Regulating Foreign Currency Exchange

The Importance Of Regulating Foreign Currency Exchange

According to the BIS survey, during 2010, the foreign currency exchange market boasted a massive $4 trillion daily turnover.  Although many large corporations are affected by the rate of exchange, the average consumer is also affected in many ways.  The currency rate of a country is the determining factor of the prices the average consumer pays for many of the products on the market, the cost of holidays, returns on their investments as well as the rates that deposits and loans are based upon.

The effect this market has on so many factors seems to be pushed aside when it comes to regulation.  This particular trading market is largely unregulated.  The traditional forex market was once the domain of large corporations and leading banks.  However, over the years this trend has changed dramatically and private investors have entered the market.  This is one of the main reasons why several economists and banks are asking for the market to be regulated.

Foreign Currency Exchange Speculation

Transactions in this trading market fall into two categories – speculative and commercial.  Speculative trades far exceed those of commercial transactions and have contributed to a bigger share of the forex market over the last few years.  These transactions are undertaken with the sole intent of making a profit from the movements in currencies.

Commercial transactions are based on economic transactions.  This type of transactions normally comprises of payments for imports or loans to international entities.

The volume of foreign currency exchange has almost trebled in the past two decades and the ratio of foreign exchange turnover to that of GDP varied from 14 for US and Japan to about 200 for the UK.  Singapore has the highest figure at 300.  Despite the 20% increase experienced in volume during the three-year period prior to 2010, commercial transactions that were done by governments and corporations experienced a decline of 10%.  During 2010, commercial transactions made up a mere 13% of the total foreign exchange transactions during 2010.  This is the lowest figure since 2001.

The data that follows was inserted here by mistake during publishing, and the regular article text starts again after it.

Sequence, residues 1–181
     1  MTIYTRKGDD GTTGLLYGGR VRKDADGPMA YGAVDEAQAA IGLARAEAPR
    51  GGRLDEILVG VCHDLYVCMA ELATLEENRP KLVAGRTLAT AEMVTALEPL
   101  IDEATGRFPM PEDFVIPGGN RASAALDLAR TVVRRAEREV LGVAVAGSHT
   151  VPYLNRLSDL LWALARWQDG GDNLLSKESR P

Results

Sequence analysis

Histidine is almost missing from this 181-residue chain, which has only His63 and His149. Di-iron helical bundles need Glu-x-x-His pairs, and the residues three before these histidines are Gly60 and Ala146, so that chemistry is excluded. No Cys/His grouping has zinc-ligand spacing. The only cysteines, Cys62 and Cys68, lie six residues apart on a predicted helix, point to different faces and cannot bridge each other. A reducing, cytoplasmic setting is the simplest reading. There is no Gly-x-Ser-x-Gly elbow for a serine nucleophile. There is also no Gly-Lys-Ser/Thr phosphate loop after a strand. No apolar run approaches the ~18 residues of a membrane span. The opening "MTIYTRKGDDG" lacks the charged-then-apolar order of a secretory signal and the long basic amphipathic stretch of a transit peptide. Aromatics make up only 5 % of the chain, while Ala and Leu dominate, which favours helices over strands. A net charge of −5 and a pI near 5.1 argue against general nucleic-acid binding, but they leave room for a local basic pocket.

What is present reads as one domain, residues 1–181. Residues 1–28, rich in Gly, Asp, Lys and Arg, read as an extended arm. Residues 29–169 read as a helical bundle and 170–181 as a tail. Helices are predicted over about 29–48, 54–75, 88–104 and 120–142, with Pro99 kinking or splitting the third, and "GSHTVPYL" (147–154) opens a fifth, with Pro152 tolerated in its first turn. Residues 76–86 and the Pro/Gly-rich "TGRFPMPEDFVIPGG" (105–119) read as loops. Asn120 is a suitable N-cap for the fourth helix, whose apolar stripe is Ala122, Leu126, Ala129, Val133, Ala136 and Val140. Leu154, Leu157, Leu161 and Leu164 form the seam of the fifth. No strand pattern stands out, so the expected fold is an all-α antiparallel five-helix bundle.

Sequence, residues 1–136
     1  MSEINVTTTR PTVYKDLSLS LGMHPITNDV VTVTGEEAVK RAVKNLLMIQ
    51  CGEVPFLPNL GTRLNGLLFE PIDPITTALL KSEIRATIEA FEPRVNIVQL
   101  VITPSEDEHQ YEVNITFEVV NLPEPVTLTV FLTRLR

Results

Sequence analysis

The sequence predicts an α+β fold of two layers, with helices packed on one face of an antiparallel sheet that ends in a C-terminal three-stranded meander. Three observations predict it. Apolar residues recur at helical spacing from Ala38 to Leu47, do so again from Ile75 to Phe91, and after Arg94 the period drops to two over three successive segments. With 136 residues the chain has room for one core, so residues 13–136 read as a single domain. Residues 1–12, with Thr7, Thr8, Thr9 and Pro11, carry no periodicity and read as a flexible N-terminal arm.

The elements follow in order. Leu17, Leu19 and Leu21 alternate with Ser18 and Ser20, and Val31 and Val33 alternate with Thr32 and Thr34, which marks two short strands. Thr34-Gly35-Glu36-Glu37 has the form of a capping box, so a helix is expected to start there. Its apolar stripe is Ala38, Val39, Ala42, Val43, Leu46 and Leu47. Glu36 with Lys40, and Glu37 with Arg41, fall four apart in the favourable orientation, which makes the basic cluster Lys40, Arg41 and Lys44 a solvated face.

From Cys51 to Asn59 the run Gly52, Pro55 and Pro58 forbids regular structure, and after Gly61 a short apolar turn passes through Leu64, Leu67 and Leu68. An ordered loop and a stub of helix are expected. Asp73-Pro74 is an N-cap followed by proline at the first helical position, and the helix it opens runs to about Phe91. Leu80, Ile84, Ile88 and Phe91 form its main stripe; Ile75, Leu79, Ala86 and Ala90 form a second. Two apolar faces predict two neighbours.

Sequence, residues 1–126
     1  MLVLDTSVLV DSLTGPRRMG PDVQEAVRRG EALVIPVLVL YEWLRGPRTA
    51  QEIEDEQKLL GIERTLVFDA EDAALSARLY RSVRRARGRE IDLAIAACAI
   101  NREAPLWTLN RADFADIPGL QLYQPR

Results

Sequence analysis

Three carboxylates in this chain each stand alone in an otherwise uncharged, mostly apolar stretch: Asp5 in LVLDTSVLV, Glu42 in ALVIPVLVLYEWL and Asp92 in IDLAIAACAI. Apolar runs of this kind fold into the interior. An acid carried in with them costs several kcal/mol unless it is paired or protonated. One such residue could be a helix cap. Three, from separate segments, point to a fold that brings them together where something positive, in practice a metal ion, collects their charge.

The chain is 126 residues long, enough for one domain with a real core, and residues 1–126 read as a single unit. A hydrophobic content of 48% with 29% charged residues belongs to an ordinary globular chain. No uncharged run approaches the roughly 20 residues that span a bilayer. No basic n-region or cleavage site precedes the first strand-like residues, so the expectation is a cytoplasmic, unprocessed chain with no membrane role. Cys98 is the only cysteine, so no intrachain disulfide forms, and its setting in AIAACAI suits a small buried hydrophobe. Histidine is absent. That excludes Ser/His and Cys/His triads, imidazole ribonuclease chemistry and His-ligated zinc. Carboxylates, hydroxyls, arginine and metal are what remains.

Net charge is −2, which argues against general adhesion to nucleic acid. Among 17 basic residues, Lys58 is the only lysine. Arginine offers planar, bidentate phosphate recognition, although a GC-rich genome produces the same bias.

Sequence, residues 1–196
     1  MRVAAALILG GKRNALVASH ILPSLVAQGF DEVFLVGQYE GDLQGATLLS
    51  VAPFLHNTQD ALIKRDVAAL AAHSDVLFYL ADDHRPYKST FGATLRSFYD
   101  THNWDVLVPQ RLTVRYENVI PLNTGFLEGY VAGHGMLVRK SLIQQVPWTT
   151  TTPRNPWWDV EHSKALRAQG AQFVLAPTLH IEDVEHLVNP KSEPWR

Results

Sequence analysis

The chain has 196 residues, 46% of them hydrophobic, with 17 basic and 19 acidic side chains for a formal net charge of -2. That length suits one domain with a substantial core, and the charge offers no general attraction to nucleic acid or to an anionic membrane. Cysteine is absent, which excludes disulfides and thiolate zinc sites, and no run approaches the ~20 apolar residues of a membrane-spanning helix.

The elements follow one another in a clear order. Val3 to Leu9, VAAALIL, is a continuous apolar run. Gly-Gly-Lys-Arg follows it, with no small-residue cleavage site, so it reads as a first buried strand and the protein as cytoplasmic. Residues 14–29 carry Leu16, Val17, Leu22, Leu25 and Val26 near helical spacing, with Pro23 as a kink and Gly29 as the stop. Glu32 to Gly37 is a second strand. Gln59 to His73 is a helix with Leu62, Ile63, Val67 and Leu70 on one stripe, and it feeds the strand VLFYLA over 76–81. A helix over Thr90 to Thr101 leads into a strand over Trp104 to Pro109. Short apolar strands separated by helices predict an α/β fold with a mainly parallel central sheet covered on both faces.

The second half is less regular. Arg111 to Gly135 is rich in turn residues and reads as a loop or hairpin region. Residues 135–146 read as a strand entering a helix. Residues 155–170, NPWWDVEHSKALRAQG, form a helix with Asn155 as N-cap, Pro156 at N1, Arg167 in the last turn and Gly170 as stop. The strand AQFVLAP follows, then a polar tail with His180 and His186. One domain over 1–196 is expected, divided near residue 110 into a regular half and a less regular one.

Retail Trading

Retail investors trading in forex has grown exponentially since 2007.  The transactions in this group account for approximately $135 billion in daily turnover.  Speculative transactions attract many who are drawn to the possibility of making huge amounts of money.  Although there is money to make, there are many pitfalls to consider.  There are obvious factors such as losses related to fraud and excessive leverage.  The other risks involved include market volatility as well as a lack of information.  Retail investors are unable to gain access to capital flows and large commercial trades as this type of information is available only to the big players in the market.  This makes it extremely difficult for the retail investors to gain advantage over the professional players.

The biggest problem facing foreign exchange traders in a non-regulated environment is fraud and illegal activity in the market.  Some of the fraudulent activities include ponzi schemes, misrepresentation and excessive commissions.  Strict regulations that were introduced during 2010 in the United States to protect retail traders have played a role in eliminating currency fraud in that country.

 

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